The fears of protestors seem absurd when the actions of those (police) who are actually preparing for violence are the actual cause for demonstrations. While Gov Nixon touts his desire for peace, officials’ actions as one Ferguson resident describes it, amount to preparation for war.
So in this frenzy, there seems to be justification of the increased police militarization in the St. Louis region and across the country, as well as the spillover into the community, where guns, ammunition and firing range purchases have increased significantly. In reality, the reliance on weapons to solve conflict-- evidenced by laws that encourage gun ownership and use, like ‘stand your ground’--does not deter violence; it only encourages vigilantism. On October 27th, gun enthusiasts marched through downtown St. Louis openly carrying multiple firearms, without any interference from police, while unarmed protestors are routinely harassed by police in riot gear.
Some public officials are attempting to deal with the structural issues surrounding police brutality and its underlying conditions, but overall we witness more stockpiled weapons, leaked grand jury information, and violated rights to protest.
Martin Luther King described this sort of “negative peace”: “So long as the Negro maintained this subservient attitude and accepted the place assigned to him, a sort of racial peace existed. But it was an uneasy peace in which the Negro was forced patiently to submit to insult, injustice and exploitation. It was a negative peace. True peace is not merely the absence of some negative force- tension, confusion or war; it is the presence of some positive force- justice, good will and brotherhood.”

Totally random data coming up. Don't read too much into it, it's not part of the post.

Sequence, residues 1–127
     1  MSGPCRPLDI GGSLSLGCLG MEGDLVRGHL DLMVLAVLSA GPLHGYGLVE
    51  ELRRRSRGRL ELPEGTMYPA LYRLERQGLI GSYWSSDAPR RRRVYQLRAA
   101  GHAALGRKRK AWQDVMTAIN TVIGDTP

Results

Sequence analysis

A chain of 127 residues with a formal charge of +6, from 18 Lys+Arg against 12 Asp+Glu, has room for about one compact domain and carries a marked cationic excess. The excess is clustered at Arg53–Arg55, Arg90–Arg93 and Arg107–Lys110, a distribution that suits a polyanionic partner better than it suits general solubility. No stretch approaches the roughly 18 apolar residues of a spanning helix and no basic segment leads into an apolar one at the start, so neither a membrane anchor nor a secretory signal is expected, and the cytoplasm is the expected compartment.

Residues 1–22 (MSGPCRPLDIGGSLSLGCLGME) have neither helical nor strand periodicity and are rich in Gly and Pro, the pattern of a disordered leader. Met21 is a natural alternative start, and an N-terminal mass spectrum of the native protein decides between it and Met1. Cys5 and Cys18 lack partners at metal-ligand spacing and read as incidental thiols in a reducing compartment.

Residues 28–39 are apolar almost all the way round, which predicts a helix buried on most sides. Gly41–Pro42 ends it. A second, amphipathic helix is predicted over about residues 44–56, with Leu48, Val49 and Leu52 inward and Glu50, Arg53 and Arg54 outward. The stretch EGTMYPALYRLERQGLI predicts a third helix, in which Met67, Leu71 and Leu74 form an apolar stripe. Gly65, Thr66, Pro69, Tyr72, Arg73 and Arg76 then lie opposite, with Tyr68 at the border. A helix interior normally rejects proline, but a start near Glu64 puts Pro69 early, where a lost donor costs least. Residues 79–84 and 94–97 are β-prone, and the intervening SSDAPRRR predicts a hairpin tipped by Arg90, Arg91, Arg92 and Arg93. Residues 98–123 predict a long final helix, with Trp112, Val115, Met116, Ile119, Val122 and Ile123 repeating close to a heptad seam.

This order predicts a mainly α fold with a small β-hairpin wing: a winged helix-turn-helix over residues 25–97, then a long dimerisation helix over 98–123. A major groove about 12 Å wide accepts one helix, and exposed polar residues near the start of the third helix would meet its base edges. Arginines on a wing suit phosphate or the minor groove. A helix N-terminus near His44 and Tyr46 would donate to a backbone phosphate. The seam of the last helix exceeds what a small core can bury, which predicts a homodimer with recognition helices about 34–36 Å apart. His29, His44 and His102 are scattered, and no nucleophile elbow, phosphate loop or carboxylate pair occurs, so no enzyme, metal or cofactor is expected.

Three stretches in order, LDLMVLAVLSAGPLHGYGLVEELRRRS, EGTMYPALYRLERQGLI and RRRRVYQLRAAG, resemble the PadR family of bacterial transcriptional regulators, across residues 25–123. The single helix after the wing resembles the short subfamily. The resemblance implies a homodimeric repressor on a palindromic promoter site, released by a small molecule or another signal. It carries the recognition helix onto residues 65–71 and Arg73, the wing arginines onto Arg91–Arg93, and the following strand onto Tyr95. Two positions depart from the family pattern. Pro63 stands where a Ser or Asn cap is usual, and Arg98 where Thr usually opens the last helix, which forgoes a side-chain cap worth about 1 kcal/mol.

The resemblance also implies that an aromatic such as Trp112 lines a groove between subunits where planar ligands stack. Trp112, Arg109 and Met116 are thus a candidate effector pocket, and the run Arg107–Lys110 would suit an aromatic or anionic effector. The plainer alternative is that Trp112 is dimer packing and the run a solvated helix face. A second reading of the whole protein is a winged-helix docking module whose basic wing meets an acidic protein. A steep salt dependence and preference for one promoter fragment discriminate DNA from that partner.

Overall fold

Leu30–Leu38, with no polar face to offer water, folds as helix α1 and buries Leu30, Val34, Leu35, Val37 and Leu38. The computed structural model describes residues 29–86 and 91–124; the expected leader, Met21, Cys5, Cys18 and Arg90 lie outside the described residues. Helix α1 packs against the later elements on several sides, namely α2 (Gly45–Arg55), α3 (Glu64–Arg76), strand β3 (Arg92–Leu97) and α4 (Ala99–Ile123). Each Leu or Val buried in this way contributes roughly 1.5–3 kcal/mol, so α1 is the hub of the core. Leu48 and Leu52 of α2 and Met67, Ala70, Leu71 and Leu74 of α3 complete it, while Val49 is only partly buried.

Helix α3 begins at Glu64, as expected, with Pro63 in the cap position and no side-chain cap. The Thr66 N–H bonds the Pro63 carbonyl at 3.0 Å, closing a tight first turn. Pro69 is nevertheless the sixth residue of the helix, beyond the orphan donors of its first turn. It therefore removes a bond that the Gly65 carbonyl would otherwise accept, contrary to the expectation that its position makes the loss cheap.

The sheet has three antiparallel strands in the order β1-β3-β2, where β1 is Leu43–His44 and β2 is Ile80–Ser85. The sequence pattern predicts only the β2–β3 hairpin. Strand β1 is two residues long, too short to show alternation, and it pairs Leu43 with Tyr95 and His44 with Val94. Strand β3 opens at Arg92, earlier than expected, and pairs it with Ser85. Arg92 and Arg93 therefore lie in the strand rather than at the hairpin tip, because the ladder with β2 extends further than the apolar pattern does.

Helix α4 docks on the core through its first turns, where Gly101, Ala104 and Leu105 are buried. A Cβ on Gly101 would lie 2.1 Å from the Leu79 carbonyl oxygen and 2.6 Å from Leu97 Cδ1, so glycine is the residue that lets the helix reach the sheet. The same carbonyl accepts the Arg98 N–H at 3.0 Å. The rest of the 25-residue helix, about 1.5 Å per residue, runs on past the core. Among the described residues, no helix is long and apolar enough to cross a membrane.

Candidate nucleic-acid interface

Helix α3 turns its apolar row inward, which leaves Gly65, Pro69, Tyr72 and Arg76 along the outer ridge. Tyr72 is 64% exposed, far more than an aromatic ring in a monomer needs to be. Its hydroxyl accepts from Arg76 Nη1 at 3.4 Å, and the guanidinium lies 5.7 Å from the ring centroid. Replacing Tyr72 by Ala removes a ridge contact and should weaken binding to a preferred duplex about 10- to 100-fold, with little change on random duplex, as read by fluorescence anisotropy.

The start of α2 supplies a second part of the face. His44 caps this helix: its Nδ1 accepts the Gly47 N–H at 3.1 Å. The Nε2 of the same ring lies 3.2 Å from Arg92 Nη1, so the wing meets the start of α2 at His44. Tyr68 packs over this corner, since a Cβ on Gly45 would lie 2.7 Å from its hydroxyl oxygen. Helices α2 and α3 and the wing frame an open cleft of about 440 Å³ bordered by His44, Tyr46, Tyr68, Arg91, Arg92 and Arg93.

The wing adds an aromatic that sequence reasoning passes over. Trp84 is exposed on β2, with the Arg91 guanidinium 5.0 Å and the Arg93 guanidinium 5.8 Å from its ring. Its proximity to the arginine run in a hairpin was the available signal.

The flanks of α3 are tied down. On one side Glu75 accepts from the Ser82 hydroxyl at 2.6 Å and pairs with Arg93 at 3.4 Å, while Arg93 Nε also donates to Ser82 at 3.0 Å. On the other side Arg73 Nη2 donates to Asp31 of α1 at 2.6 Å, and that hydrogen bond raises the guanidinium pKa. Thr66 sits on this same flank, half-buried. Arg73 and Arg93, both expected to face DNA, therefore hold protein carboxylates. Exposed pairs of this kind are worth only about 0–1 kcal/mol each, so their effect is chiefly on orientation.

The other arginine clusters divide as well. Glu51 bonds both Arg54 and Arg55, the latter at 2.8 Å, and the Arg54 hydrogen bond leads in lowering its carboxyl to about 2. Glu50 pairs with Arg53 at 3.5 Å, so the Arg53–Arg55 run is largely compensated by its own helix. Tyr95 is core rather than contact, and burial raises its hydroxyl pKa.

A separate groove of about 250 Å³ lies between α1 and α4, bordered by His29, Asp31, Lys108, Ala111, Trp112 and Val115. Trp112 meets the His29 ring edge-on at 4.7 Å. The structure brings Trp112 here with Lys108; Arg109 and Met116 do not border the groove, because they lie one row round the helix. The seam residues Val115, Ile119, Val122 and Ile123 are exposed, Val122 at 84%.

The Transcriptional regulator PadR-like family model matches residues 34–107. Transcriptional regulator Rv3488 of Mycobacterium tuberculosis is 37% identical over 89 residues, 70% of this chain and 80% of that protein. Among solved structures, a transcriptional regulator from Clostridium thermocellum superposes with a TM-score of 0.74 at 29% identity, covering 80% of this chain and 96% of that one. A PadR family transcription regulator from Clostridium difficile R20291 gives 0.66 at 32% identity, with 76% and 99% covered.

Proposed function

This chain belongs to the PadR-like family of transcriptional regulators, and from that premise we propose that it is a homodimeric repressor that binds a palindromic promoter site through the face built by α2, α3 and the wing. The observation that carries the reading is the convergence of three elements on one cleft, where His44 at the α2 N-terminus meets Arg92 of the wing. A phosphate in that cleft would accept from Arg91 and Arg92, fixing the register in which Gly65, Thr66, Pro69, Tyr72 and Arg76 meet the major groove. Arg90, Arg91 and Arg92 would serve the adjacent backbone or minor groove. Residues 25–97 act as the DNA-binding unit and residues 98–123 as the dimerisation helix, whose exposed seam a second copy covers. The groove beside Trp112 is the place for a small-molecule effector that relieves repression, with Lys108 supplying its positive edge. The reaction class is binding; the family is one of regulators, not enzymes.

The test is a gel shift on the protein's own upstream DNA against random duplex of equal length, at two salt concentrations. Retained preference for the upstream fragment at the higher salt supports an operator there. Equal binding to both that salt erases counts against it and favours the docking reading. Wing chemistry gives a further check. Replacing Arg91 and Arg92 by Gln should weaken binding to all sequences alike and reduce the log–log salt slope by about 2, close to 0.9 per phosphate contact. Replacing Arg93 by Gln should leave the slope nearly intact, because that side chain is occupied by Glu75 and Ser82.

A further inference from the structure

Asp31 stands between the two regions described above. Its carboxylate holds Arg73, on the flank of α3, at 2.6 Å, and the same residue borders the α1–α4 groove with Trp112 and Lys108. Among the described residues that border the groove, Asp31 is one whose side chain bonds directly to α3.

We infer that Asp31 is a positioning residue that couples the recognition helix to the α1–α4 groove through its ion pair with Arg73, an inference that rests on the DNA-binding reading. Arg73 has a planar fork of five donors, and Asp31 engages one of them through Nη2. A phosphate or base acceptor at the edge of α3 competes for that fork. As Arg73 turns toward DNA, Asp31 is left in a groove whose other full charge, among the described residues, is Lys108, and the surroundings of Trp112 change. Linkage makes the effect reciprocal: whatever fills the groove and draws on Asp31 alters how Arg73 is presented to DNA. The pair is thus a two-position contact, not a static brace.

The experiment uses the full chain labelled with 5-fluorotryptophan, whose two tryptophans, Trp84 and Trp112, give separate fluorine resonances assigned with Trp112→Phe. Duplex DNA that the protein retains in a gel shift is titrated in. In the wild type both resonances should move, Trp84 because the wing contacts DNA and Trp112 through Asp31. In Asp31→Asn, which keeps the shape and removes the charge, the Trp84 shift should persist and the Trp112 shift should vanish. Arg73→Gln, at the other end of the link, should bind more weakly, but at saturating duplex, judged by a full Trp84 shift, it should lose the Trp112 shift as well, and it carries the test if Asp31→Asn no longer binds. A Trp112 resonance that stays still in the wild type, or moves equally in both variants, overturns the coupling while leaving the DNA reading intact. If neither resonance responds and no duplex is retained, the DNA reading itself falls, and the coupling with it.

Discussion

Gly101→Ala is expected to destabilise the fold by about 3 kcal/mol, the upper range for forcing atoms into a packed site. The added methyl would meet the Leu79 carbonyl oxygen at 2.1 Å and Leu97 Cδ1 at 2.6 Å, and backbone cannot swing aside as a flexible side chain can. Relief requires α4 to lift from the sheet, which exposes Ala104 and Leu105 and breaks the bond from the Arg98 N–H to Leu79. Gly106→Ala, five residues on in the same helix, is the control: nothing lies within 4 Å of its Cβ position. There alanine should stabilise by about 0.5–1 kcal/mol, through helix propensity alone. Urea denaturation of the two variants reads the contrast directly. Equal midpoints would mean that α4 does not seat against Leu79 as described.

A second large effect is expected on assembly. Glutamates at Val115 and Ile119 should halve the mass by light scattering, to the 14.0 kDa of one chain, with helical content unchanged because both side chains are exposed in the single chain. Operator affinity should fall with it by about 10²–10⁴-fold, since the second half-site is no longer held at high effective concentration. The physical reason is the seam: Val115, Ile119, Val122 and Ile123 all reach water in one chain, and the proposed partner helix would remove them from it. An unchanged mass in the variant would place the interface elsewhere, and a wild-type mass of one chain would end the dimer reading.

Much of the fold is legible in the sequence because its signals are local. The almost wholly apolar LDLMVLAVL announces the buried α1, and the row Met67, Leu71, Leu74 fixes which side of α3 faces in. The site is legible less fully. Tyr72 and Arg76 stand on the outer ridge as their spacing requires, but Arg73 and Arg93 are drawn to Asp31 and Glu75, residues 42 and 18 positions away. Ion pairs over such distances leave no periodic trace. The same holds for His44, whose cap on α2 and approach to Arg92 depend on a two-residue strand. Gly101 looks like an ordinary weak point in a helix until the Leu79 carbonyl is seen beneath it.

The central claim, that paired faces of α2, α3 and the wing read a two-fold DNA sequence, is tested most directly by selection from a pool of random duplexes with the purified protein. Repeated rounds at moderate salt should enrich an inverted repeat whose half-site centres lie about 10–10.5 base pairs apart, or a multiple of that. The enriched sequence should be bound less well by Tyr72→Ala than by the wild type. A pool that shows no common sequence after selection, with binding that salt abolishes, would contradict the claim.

Instead of focusing on dialogue and reconciliation, the police and the Nixon and the Mayor of Ferguson have attempted to maintain control, which leads to more resentment.
To get to true peace, there must be a long-term commitment to open conversation and structured dialogue that allows all citizens to tell their stories, voice their perspectives, and suggest the sorts of structural change that might lead to reconciliation.
Some of this is occurring. The Center for Educational Equity with the Peace and Justice Studies Association will be holding dialogues and convening a truth-telling process, calling on victims of police violence from Ferguson, the surrounding areas, and across the nation to come to St. Louis and speak truth about this brutalization and what they believe are the root causes.
Only when voices from the ground, not just government sponsored programs, are heard and experiences validated is healing possible. Truth-telling that leads to reconciliation and peace is not some week or month-long event, but a sustained community process based on a human dignity and rights framework, which requires a real commitment to listening. To learn about, support be a part of such important initiatives, visit http://ceestl.org/community-
Dr. David Ragland is from North St. Louis, MO, writes for PeaceVoice and is a Visiting Professor of Education at Bucknell University. Wayne Adams is videographer from University City, MO.Mahdis Azarmandi researches the role of colonialism in anti-racist work at Otago in New Zealand. Dr. Mark Lance is professor of philosophy at Georgetown University. The opinions in this editorial reflect the views of the authors and do not necessarily reflect the views of East County Magazine. To submit an editorial for consideration, contact firstname.lastname@example.org.